Why investors should look beneath the ESG label
Anyone who has followed my scrawling for any length of time will know that I am somewhat sceptical of the current ESG craze in investing. Not sceptical of the idea that investment should be a force for good, that solutions are needed to make the world a cleaner, more socially responsible and better governed place, and that companies have a key role to play in this. But sceptical of how the ESG label has been applied willy-nilly in a way that has rendered it utterly meaningless in many instances (think boohoo), that the many scoring systems designed to assess the ESG-ness of investments are often conflicting and confusing, and that some people in the financial services industry are simply using it as an opportunity to squeeze a bit more money out of their customers.
ccording to data from platform AJ Bell, more than a third of flows into funds this year will go into sustainable investments, and much of that is coming from retail investors. That’s good in the sense that it shows people want their money to do the things that ESG promises. But not so good, in that their money might not be doing quite as much good as they think, and that they’ll have paid a high price for the privilege.
I say that, because ESG investments now often attract a significant premium to their not-so-sustainable cohorts. And while investors may be comfortable paying that premium, it is often the booming demand for the underlying ESG assets that has created it in the first place – a momentum trade that could easily run out of steam in other words. It used to be said that you had to sacrifice performance for ethical peace of mind, but that has not been the case this year as ESG-mania has launched many funds with the label to the top of the fund performance leaderboards. Among the winners so far is Liontrust Asset Management, which today reported further inflows into its Sustainable Futures funds. Its shares have more than tripled in the last two years as interest in ESG has grown and its profits have soared. Assets under management in its sustainable funds hit £13.2bn at the end of September, of which more than £12bn is held by retail investors.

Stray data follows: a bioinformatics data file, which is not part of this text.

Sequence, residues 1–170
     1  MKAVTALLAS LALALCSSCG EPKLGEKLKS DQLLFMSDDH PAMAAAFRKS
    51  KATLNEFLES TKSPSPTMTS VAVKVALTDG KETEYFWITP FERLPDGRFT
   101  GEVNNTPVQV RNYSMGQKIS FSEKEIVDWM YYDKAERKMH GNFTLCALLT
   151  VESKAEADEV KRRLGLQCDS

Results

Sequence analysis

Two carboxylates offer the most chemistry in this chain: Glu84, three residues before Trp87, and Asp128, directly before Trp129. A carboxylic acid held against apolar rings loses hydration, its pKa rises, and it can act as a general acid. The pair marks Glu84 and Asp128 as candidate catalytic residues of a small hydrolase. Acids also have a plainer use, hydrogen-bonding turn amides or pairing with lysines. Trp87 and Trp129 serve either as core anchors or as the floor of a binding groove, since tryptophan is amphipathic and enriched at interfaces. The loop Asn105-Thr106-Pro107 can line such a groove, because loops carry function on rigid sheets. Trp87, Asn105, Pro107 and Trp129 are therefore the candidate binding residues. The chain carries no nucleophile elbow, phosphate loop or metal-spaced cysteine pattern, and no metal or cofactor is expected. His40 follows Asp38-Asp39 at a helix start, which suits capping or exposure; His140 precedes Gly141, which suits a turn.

I wonder how many of those investors have properly read the factsheets, though. A look at the holdings of its Sustainable Futures Global Growth Fund reveals a portfolio that looks very much like any other global growth fund, full of tech and payments companies. One holding that jumped out is the footwear company Puma – Liontrust argues its inclusion on the basis that it “enables healthier lifestyles”, but I’ll leave you to judge for yourself whether that’s a company contributing to a more sustainable future any more than a good walk would. Research from ethical fashion directory Good On You suggests that may be a stretch. Insulation supplier Kingspan is also in its portfolio – energy efficiency seemingly trumps a serious corporate scandal.
That’s partly why my simple view of ESG is that you should forget the labels and invest where your conscience is comfortable. Personally, I’m not keen on gambling as an investment and wouldn’t touch the sector with a 40-foot pole, but others may see it as a bit of harmless fun. And I can think of dozens of companies that may score highly in one area of the ESG spectrum but fall down on another – Diageo is a brilliantly well-run company, for instance, but at the end of the day it sells a product which most people can enjoy safely but which causes some people serious misery.
Indeed, dig deep enough and you can probably find something out about most companies that you don’t like, whether it be causing social and health problems, or using zero hours labour, or mining in conflict zones, or withholding safety information, or selling additive-laden food, or polluting rivers with sewage, or squeezing their suppliers, or overcharging customers for investment services, or avoiding tax. I could go on, and it would be great if companies could stop doing all these things – at least ESG is a step along that long road.
But I’d argue that it is G – for governance – that matters most, because I believe that a well-run company will automatically think about the environmental and social concerns in its decision making, simply because it is good business to do so. And I think one of the most obvious signs of good management is in restraint when it comes to their own pay and generosity when it comes to their staff, alongside the care with which they treat their customers and suppliers. Working this out should be part of anyone’s investment process, not just those that want the world to be a better place.